PETE’S A PIZZA…AND MORE WILLIAM STEIG STORIES, 2003, $9.95 VHS, $14.95 DVD; all ages. On the other hand, the second new Scholastic release, “Pete’s A Pizza…and More William Steig Stories,” is chock-full of creative story-telling, eye-catching animation and graphics, and lots of imagination. In the title story, “Pete’s A Pizza,” Pete’s in a bad mood because it’s raining outside. His dad picks him up, puts him on a table, and says, “It’s time to make a pizza.” Imagination and creative fun follow as Pete’s dad pretends to make a pizza with Pete as the main ingredient. He kneads the dough inducing giggles galore, tosses and twirls the dough and adds the toppings of oil, cheese and tomatoes (water, shredded paper and checkers). The pizza is ready for the oven, but wait, how can a pizza run away? Pete runs around the house giggling as his dad chases him and when the pizza is finally captured, it gets hugs and kisses. As a parent, this was heartwarming to watch. Imaginative playtime is integral to a child’s healthy, emotional well being. Watch this one with your child.
Included in this DVD is the remarkable animated story “Doctor De Soto” in which a mouse-dentist takes care of animals who aren’t a threat to mice. How does a wee mouse work on a giant cow’s sore tooth? In rubber boots and a raincoat, of course. There are many creative ways in which the doctor and his wife administer care to a barnyard of animals using pulleys, ladders and other equipment, but the most creative procedure comes when the doctor decides to help a hungry fox who needs his tooth pulled. It’s no surprise that “Doctor De Soto” was nominated for an Academy Award for Best Animated Short.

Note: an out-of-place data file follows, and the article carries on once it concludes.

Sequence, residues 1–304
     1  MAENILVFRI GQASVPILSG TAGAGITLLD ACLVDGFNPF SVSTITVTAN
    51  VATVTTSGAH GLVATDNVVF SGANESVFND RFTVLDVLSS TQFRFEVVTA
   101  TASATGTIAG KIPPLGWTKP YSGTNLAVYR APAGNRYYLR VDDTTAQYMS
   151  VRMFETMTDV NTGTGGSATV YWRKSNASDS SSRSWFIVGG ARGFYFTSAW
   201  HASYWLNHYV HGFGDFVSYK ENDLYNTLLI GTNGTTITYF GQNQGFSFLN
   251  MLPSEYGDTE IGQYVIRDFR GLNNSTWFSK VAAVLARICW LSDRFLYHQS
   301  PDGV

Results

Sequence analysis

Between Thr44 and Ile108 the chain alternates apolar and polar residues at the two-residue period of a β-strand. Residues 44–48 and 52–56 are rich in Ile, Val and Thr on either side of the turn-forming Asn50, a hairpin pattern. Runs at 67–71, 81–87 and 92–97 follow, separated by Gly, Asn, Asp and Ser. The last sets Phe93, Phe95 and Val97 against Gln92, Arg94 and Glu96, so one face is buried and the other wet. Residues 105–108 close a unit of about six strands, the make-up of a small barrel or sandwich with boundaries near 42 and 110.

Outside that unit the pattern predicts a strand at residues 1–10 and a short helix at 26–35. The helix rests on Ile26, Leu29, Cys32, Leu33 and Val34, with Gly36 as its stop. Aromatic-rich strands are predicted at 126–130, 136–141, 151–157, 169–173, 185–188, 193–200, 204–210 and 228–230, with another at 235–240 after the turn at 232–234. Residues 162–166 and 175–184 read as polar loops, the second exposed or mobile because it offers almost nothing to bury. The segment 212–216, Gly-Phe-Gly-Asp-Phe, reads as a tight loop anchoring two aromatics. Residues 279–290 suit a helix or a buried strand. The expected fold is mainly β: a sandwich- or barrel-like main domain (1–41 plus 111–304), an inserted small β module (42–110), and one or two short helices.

MISS NELSON HAS A FIELD DAY…AND MISS NELSON IS BACK, 2003, $9.95 VHS, $14.95 DVD; all ages. The third in the Scholastic series is “Miss Nelson Has a Field Day…and Miss Nelson is Back.” After watching Stanley’s “Hop To It” and “Pete’s A Pizza,” I wanted Miss Nelson to be fired. This compilation of stories offers nothing more than a nebulous, inane Saturday morning cartoon. I am offended that the principal is portrayed as stupid in every story and that none of the children respect him. The humor is an ill-bred attempt to humiliate authority figures while placing emphasis on kids misbehaving in school. We’ve got enough incidents in our schools without another cartoon perpetuating the problem.
TUCK EVERLASTING, 2003, Rated PG, $22.99 VHS, $29.99 DVD; ages 11 and up. For older kids, I recommend “Tuck Everlasting” to get the imagination juices flowing—or at least get them talking. The preview in the theaters portrayed “Tuck Everlasting” as merely a story about young love, but it’s far richer than that. Teenager Winnie Foster (Alexis Bledel) is longing for a world outside the confines of her overprotective mother and backyard fence. Against her parent’s wishes, she goes into the woods and gets lost. She sees a boy drinking from a spring and asks if she can have some water. Startled by her presence, Jesse Tuck (Jonathan Jackson) refuses her request and takes Winnie back to his parent’s (Sissy Spacek and William Hurt) home in the woods where she learns a powerful secret. Because the story is too good to reveal, I suggest you watch this with your kids. You won’t be disappointed, for it will muster up deep conversation about the story’s moral issues and the choices we make in life.
Jennifer Mangan is a freelance writer who lives in the western suburbs with her husband and four children, ages 17, 15, 12 and 11.